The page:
AQA Topic 8 - Space 9-1

  • Created by: Grace
  • Created on: 21-04-18 22:03
What is a nebula?
A stars initial form of a cloud of dust and gas
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How is a Protostar formed?
The force of gravity pulls the dust and gas together to form a protostar
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From a protostar describe the conditions needed for a star
The temperature rises as the protostar gets denser and more particles collide with each other. When the temp gets high enough, hydrogen nuclei undergo nuclear fusion to form helium nuclei which gives out a lot of energy, this keeps the core hot=star
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What happens once a star is formed? (1)
It enters a long stable period where the outward pressure caused by the nuclear fusion that tries to expand the star balances the force of gravity pulling everything inwards. In this period a star becomes a main sequence star which typically lasts
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What happens once a star is formed? (2)
lasts 7 billion years. The Sun is in the middle of this stable period
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What happens once the hydrogen runs out? (1)
When the hydrogen runs out the star then swells into a red giant (sun size) or a red super giant (if its a large star). It becomes red because the surface cools. Fusion of Helium + other elements occurs. Heavier elements (up to iron) are
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What happens once the hydrogen runs out? (2)
created in the core of the star
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Describe the process after a star becomes a red giant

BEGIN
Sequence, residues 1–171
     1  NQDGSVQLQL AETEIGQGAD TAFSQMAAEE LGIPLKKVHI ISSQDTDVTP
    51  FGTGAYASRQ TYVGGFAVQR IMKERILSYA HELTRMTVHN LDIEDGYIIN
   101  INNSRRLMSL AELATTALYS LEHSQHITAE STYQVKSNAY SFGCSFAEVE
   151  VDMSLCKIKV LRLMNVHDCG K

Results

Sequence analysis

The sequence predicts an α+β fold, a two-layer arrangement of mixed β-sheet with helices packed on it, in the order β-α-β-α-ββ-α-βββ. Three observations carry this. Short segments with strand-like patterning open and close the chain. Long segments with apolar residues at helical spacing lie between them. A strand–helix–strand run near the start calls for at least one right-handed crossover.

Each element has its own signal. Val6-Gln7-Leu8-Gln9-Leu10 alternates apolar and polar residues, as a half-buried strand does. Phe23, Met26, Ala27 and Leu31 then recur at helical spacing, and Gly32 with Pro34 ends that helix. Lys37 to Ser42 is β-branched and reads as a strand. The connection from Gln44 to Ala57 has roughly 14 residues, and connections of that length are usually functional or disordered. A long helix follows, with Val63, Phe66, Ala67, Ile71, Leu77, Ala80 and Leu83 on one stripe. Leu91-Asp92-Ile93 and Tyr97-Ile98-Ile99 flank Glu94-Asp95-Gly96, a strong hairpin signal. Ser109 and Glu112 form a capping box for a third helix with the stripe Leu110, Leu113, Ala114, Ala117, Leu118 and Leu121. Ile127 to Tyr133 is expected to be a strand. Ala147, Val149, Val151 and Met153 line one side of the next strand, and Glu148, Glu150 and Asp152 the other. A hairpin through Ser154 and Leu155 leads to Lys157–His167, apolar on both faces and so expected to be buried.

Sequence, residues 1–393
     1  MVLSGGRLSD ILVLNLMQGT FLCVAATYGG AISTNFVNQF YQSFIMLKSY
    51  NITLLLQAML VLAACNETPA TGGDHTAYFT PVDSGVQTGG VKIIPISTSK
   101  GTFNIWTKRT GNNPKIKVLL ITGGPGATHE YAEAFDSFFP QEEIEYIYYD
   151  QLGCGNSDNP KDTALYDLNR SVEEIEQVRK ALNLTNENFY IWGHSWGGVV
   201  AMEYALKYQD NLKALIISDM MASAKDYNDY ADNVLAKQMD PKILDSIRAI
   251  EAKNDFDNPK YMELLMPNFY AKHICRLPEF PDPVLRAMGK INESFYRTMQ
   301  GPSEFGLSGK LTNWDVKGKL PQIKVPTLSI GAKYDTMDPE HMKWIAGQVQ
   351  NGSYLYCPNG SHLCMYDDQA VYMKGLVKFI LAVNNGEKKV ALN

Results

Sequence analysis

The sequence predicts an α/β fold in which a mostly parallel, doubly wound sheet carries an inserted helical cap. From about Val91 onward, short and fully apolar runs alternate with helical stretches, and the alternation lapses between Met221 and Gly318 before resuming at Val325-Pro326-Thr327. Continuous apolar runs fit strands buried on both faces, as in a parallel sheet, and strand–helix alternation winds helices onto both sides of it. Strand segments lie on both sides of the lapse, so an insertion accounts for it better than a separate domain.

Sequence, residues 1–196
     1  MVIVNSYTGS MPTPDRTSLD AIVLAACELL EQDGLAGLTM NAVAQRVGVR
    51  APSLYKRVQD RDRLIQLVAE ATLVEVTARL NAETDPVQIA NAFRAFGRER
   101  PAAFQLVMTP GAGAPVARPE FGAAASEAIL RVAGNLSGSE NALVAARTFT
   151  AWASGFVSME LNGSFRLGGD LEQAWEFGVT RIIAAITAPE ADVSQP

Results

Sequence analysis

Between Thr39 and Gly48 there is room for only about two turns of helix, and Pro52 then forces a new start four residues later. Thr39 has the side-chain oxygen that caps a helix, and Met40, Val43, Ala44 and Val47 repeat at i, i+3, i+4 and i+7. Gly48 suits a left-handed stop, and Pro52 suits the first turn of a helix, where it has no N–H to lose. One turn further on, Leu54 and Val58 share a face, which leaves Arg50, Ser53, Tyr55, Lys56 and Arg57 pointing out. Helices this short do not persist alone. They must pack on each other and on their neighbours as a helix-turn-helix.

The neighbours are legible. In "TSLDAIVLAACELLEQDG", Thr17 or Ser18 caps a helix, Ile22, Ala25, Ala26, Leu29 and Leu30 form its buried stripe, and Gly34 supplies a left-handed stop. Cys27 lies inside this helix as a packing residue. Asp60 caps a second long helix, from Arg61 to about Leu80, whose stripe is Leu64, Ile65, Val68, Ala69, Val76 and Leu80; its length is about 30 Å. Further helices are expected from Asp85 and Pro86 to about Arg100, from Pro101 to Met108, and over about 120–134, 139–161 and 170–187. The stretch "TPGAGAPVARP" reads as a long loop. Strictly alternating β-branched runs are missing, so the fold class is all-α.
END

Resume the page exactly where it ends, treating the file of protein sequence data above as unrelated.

The star becomes unstable and ejects its outer layer of dust and gas which leaves behind hot dense solid core called a white dwarf
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Define a black dwarf
The stage after a white dwarf cools down and emits less and less energy. When it no longer emits a significant amount it becomes a black dwarf
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What happens after the Black Dwarf stage? (1)
Big Stars start to glow again as they undergo more fusion and expand contract several times, forming elements as heavy as iron in various nuclear reactions. Eventually they'll explode in a supernova, forming elements heavier than iron and ejecting
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What happens after the Black Dwarf stage? (2)
them into the universe to form new planets and stars. Stars and their life cycles produce and distribute all naturally occurring elements
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What does the exploding supernova cause?
The exploding supernova throws the outer layers of dust and gas into space, leaving a very dense core called a neutron star. If the star is massive enough it will become a black hole - a super dense point in space that not even light can escape from
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What is the solar system?
All the stuff that orbits our sun
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What makes up the solar system?
Planets, Dwarf planets, Moons and Artificial satellites
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What is our solar system part of?
The milky way galaxy, a massive collection of billions of stars that are all held together by gravity
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Name the planets in our solar system
Mercury, Venus, Earth, Mars, Jupiter, Saturn, Uranus and Neptune
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Describe the path of planets around the Sun
Circular orbits
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What does it mean if an object is travelling in a circle?
It is constantly changing direction, which means it is constantly accelerating which also means it is constantly changing velocity but not changing speed